Women’s History Month
Women's History Month
In honor of Women's History Month (March), we are inviting you to join us to celebrate the accomplishments of Women who have made an impact in STEM. Below you will find several FREE biographies that can be used to supplement a lesson in your classroom or remote setting.
Classroom Lesson Resources
As a child, Dr. Ellen Ochoa was fascinated by space. In college, she studied physics at San Diego State University. Physics is the study of energy and motion. She continued in school, and earned her Master’s and Doctoral degrees in electrical engineering from Stanford University. Electrical engineering is the study of machines and electricity. Ochoa used both physics and electrical engineering when she began her career at National Aeronautics and Space Administration (NASA). At NASA, scientists work together to help us learn more about space.
Dr. Rosalind Franklin was a female pioneer in the field of chemistry. She studied what different types of matter are made of and how they act. She was able to use someone else’s discovery—xrays—to discover the structure of DNA. X-rays are powerful waves of energy. They help scientists see details that cannot be seen with the naked eye. You may know that x-rays can see details inside your body like your bones. But Dr. Franklin was the first to use x-rays discover the structure of DNA.
Meet Dr. Julia Serano, who worked as a researcher for several years. Why did Dr. Serano pick molecular biology as her area of study? She says that learning how a cell forms into a specific cell types, like a skin cell, can help improve our understanding of diseases. Cancer, for example, forms when cells multiply at a very fast rate. If scientists understand how a specific type of cell grows, then they can create new treatments or even cures for diseases.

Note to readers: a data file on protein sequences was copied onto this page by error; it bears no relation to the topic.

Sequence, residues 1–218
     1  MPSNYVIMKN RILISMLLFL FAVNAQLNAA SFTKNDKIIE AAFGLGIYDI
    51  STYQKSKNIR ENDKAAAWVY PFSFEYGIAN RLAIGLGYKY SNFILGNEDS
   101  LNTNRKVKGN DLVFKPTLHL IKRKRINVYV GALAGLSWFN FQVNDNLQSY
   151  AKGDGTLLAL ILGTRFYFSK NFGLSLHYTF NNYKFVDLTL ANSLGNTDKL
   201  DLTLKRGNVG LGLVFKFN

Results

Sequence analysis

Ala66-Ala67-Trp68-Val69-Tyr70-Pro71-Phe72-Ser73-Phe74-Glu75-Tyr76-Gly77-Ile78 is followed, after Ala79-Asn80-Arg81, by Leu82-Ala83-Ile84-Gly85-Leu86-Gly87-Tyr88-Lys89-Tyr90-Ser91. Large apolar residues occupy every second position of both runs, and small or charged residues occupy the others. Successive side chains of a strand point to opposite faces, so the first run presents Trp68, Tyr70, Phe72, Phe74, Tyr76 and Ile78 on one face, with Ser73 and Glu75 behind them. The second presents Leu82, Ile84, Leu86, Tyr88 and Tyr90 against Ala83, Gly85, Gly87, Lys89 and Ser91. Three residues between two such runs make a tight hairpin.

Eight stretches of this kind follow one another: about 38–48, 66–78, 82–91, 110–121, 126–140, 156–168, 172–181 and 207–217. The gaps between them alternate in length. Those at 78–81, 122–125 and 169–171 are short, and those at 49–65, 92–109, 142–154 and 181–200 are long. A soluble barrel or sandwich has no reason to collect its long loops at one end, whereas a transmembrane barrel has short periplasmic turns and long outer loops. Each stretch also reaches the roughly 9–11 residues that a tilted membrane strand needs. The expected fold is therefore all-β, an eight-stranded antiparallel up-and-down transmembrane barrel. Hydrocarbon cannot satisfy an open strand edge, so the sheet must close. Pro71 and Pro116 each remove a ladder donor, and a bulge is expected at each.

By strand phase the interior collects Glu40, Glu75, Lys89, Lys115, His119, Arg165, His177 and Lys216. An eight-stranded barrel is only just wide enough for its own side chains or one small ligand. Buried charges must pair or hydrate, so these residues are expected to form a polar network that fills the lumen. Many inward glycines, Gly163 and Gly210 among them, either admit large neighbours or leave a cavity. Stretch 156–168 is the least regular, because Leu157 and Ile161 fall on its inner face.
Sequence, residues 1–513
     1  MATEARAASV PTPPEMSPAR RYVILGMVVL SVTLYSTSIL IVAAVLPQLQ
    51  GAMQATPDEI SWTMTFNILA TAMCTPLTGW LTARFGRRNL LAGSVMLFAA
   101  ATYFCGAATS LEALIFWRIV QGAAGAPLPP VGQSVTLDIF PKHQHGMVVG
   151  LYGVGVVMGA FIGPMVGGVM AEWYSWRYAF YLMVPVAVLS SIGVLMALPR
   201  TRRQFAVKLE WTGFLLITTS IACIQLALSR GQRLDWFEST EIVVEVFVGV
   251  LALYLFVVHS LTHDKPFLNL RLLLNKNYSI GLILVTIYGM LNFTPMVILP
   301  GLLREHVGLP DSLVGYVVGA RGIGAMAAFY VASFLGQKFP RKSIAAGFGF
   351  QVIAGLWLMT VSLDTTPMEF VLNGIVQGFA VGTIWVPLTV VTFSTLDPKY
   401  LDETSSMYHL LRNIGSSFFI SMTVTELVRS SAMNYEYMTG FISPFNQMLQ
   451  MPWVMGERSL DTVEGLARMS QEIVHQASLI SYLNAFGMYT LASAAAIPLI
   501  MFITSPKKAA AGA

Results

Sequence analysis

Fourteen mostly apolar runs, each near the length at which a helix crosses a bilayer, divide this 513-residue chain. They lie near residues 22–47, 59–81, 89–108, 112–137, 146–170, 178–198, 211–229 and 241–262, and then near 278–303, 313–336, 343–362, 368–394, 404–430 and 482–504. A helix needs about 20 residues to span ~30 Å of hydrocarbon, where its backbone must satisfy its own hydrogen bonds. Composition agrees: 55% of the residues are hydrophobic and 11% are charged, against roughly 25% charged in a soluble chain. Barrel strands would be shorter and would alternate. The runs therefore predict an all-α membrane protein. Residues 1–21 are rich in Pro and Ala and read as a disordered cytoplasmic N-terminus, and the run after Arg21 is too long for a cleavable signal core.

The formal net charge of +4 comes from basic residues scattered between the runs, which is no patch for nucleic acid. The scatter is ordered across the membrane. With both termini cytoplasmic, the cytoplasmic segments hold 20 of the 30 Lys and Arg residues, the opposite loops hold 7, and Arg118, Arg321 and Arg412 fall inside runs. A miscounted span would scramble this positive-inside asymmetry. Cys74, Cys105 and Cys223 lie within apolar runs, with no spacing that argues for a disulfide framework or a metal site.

Dr. Temple Grandin was diagnosed with autism at two years old. Many people with autism find social situations difficult. There is a range of behaviors on a spectrum of how much they challenge a person in everyday life. She didn’t start speaking at the age most children do. Hearing certain types of sounds is very stressful for her, even as an adult. Her parents worked hard to make sure that she received therapy and took classes to help her learn.
Dr. Robin Wall Kimmerer is a “bryologist”—a moss expert. Her book, Gathering Moss, was awarded a medal for nature writing. Have you seen photos of beautiful, colorful coral reefs in the ocean? Dr. Kimmerer calls mosses the “coral reefs of the forest.” Coral reefs collect carbon in the oceans and provide homes for animals. On land, moss builds soil, purifies water, and makes homes for animals in forests.
At Activate Learning, we believe there is a better way to engage students in STEM.
Engage students with authentic learning and phenomena that are relevant and meaningful.
With our programs, student engagement comes from actively doing and making sense of science and mathematics. Students investigate and explain phenomena, gather and analyze data, develop and use visual models, and solve multi-step problems. They develop important life skills as they work collaboratively in groups and explore individually with technology supports. Our programs help students to articulate their thinking, critique the reasoning of others, and persevere in completing rich tasks and tackling complex problems.
Inspire teachers with research-based curricula that support three-dimensional learning.
Our programs fuel the passion of our teachers. Educators are actively guiding students through rigorous science and mathematics investigations. Our comprehensive teacher resources provide the necessary content, structure, and supports. We provide videos for lesson preparation, just-in-time access to instructional materials, embedded guides to orchestrate each investigation, and technology supports to efficiently evaluate student work and provide personalized feedback.
Prepare students for STEM careers of tomorrow.
Our programs offer investigation-centered and project-based learning that allow students to drive their learning through their own questions and ideas. The learning skills and science concepts that students explore and practice prepare them to be critical thinkers and problem solvers. This translates into young adults willing and able to question the world around them and lead innovation.